Naciri speaks at the Movenpick hotel in Beirut. (The Daily Star/Hasan Shaaban)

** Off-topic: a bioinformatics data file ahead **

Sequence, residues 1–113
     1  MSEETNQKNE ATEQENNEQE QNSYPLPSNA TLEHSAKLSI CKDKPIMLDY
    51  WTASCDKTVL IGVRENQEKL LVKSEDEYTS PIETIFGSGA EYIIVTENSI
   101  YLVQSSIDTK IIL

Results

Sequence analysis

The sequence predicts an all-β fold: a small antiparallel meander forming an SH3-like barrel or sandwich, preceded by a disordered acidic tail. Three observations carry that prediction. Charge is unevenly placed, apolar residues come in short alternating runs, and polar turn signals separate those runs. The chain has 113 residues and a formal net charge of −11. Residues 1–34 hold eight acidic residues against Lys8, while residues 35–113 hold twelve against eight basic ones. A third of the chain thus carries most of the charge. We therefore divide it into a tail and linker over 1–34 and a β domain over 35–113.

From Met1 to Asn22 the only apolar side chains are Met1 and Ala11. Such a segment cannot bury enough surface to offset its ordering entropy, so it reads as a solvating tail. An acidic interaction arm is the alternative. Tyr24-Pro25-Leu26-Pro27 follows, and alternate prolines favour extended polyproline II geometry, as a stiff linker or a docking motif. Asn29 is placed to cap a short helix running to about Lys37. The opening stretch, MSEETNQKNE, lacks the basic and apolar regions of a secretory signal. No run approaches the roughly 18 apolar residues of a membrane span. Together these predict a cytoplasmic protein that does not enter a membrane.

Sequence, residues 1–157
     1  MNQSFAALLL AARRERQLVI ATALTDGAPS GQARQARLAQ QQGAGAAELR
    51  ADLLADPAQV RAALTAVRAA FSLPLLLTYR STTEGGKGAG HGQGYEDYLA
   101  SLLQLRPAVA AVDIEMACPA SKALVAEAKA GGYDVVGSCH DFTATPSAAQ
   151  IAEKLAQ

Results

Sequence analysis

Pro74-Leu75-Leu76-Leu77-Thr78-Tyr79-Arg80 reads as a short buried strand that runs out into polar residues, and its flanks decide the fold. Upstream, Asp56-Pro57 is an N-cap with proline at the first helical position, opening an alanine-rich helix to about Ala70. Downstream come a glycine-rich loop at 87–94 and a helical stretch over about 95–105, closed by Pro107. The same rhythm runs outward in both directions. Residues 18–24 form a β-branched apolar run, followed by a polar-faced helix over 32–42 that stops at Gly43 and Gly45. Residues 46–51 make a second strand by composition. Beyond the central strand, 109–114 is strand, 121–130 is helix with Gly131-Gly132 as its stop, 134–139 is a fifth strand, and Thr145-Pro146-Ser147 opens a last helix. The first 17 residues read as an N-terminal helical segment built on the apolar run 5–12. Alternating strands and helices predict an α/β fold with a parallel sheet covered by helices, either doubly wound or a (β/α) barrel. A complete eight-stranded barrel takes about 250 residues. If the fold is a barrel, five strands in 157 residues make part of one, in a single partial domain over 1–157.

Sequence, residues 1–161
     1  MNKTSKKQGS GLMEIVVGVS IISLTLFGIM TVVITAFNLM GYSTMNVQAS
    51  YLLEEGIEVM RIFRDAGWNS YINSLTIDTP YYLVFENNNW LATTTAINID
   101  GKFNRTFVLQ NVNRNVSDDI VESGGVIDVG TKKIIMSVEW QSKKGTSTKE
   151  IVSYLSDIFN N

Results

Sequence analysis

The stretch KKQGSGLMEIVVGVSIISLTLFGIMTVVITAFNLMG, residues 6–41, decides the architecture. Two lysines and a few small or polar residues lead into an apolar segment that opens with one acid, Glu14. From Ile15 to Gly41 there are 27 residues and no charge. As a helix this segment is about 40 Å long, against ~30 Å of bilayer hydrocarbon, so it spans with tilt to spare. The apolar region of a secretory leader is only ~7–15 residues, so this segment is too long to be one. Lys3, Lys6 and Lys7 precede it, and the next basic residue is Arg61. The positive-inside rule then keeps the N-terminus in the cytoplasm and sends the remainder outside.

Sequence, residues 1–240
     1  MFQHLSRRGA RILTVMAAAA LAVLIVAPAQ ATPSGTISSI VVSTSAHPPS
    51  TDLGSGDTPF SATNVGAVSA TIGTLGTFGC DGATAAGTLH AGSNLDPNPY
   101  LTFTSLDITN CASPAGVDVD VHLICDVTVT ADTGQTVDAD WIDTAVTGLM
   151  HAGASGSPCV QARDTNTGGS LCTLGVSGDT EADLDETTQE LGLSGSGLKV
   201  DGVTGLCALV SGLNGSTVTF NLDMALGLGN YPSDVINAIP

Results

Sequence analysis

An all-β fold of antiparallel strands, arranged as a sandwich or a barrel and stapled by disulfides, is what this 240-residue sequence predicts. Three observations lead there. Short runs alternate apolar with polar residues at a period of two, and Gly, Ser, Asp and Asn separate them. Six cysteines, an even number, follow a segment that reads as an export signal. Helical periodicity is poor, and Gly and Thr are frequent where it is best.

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Steps toward achieving gender equality in the Middle East have seen numerous studies on attitudes, behaviors, legislation and the impact of discrimination and violence on women. The results of a survey launched this week, however, took a different angle to the issue by focusing on men and masculinity – the first study to do so in the Middle East. U.N. Women, along with research institute Connecting Research to Development and local NGO Resource Centre for Gender Equality (ABAAD), hosted an event at the Movenpick hotel Thursday to present the findings of the Lebanese iteration of the International Men and Gender Equality Survey, as well as premiere the EU-funded documentary "Al Mafroud" on the effects of the Syrian war on gender roles.In Lebanon, Connecting Research to Development spoke with 1,050 men and 1,136 women from 18 to 59 years old, a quarter of which were Syrians living in Lebanon.This is pertinent information in a country that has low participation of women in public leadership – only four out of 128 seats in the Parliament are held by women – despite standing out in the region for more positive perceptions of gender equality.Naciri agreed with Barker, emphasizing that attaining a state of gender equality in the region is not the work of years, but decades.
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